For most pet cancers, surgery is the primary form of treatment. Surgery is used to remove or reduce the size of a tumour and make any subsequent treatments with chemotherapy and/or radiation therapy, more effective.
In some cases, chemotherapy or radiation therapy is used before surgery to shrink the tumour so it’s easier to remove. Sometimes surgery is performed to increase a pet’s quality of life or make them more comfortable such as amputating a limb for pets with osteosarcoma or removing the spleen in a pet with hemangiosarcoma to prevent internal bleeding.
For some pets, surgery offers a cure for cancer and for others, surgery offers a chance at an improved quality of life and longer survival times.
As with any serious medical procedure, the veterinarian will run a series of tests to ensure the pet is healthy enough to undergo surgery. These tests may include blood work; x-rays and/or ultrasound to determine if the cancer has spread to other organs; and other tests specific to the type of cancer involved.
During surgery, the veterinarian will remove the tumour as well as some of the normal tissue surrounding the tumour, called the “margin”, to ensure that all tumour cells have been removed. If the surgeon is unable to achieve “clean margins” (removal of all the cancer cells), then a second surgery may be performed and/or chemotherapy and/or radiation therapy are used to help destroy any remaining cancer cells.
If the cancer has spread to the local lymph nodes (which have the capacity to carry cancer cells to other organs in the body), these will likely be removed at the same time as the tumour.
Sometimes with large tumours, vets will use a surgical technique called debulking, which reduces the tumour to boost the chances of chemotherapy or radiation therapy working. If the pet undergoes chemotherapy or radiation therapy after surgery, there is usually a short waiting period to allow the dog to fully recover from the operation.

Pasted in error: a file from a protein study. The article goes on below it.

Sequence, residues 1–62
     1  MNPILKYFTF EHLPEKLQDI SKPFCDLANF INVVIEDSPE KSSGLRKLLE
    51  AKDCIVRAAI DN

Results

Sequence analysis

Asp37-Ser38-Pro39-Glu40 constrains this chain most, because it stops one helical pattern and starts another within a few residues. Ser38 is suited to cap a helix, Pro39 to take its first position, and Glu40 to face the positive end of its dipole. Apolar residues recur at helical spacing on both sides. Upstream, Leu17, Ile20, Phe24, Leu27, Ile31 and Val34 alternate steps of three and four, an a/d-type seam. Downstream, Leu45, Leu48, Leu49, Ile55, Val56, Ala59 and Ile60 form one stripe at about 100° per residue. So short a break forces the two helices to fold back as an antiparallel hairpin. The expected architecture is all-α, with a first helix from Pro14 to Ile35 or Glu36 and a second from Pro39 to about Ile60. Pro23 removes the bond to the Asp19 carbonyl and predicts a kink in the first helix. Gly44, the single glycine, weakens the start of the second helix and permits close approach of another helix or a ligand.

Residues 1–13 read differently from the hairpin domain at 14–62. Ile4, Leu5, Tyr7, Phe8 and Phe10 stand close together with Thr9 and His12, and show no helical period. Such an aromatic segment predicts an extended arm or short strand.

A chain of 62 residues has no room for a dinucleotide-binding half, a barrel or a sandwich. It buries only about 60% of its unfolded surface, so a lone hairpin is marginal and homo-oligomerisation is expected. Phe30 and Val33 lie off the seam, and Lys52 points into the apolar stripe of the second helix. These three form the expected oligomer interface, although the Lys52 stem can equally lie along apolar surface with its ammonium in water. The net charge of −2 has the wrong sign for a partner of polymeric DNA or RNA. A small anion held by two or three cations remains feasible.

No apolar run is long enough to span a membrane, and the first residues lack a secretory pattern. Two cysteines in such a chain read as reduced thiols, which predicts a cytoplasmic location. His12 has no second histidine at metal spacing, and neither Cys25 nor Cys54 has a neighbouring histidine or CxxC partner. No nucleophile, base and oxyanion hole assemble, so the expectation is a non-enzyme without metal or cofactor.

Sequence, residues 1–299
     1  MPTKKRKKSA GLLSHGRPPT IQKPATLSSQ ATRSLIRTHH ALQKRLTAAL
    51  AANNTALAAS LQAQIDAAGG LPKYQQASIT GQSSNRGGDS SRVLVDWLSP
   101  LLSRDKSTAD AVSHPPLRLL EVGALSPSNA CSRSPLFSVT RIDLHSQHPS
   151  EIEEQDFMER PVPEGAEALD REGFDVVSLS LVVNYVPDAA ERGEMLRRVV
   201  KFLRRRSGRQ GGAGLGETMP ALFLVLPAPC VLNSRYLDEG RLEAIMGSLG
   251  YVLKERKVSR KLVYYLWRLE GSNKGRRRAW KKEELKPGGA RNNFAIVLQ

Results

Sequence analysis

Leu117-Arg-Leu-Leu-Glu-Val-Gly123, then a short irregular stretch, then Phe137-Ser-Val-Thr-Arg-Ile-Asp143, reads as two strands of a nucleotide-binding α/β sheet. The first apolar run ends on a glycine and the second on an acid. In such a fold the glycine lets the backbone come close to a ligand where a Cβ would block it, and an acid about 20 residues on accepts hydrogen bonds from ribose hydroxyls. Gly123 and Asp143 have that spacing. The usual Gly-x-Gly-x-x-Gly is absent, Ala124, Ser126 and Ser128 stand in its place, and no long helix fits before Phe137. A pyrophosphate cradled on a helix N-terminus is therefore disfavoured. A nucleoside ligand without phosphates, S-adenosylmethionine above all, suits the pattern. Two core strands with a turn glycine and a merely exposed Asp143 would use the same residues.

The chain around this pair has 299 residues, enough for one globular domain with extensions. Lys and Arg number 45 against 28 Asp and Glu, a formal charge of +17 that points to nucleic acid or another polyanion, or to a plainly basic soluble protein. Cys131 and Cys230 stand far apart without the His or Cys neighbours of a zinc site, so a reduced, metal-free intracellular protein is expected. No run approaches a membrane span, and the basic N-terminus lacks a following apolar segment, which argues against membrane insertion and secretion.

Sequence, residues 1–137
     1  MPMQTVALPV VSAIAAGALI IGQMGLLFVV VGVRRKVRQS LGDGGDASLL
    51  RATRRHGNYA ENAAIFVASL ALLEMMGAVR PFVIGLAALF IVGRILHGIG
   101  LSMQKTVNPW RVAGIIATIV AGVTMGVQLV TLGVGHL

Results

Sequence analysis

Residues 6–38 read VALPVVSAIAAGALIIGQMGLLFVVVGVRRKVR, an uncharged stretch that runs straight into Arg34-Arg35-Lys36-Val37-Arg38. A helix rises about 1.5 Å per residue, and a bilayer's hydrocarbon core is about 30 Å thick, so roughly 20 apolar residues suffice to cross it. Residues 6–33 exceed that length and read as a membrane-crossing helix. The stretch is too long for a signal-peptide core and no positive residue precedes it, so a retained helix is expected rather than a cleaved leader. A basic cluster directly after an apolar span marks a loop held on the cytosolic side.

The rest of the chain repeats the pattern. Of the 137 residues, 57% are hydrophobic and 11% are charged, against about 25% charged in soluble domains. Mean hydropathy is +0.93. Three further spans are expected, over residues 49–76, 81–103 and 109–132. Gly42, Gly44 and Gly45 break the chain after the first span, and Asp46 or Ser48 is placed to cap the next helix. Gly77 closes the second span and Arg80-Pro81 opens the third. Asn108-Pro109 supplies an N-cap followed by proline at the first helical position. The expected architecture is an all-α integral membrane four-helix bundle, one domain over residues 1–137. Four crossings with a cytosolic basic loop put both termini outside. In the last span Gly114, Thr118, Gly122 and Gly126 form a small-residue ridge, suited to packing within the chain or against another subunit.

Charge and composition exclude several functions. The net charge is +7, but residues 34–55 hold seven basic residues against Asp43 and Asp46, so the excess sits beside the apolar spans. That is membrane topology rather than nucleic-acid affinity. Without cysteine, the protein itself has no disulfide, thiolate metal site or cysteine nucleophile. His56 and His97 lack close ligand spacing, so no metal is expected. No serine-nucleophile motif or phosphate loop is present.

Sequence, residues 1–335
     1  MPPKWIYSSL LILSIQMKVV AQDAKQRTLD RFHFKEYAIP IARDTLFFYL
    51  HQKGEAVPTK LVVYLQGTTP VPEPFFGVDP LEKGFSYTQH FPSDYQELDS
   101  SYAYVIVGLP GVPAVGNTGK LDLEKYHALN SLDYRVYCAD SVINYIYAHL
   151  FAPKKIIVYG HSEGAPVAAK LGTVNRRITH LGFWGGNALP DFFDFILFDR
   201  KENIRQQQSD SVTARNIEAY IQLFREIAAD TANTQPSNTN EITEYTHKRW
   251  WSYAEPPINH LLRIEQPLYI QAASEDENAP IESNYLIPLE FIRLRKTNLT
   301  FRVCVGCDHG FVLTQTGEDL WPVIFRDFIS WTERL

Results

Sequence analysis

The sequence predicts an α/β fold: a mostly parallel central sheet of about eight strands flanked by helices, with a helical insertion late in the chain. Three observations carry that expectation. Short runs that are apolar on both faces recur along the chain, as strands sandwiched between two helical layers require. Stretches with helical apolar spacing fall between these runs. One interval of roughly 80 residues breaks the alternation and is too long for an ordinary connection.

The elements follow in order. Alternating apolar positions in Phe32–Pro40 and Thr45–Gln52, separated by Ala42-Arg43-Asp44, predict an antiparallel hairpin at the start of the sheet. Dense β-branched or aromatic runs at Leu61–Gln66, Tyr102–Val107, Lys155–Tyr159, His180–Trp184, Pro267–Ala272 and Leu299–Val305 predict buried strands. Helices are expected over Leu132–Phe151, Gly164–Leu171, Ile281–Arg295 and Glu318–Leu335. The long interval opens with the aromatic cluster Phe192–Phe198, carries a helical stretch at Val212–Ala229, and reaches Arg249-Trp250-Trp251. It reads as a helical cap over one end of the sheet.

There are always risks associated with cancer surgery and those risks will vary depending on the type of surgery performed. For example, pet’s with osteosarcoma who have a limb amputated may experience post-surgery complications including phantom limb pain (the severed nerve thinks the limb is still there), seromas (build up of fluid at the surgical site) or a post-surgery blood clot.
Many pet parents express concern about putting their pets under general anaesthesia. Compared to other procedures, the risk of a reaction to anaesthesia is relatively low. Vets estimate that about one in 100,000 pets have a reaction to anaesthesia, and this can range from minor reactions such as swelling at the injection site to life-threatening reactions like anaphylactic shock.
Veterinarians take great care to minimize the risk to your pet by following strict anaesthesia protocols and carefully monitoring your pet while under anaesthesia and after surgery.
This page has been reviewed by our Panel of Experts for accuracy. Our Panel of Experts is comprised of practitioners with varying specialties and perspectives. As such, the views expressed here may not be shared by all members of our Panel.
The content on this website is for informational purposes only and is not intended to be a substitute for professional veterinary medical advice, diagnosis or treatment.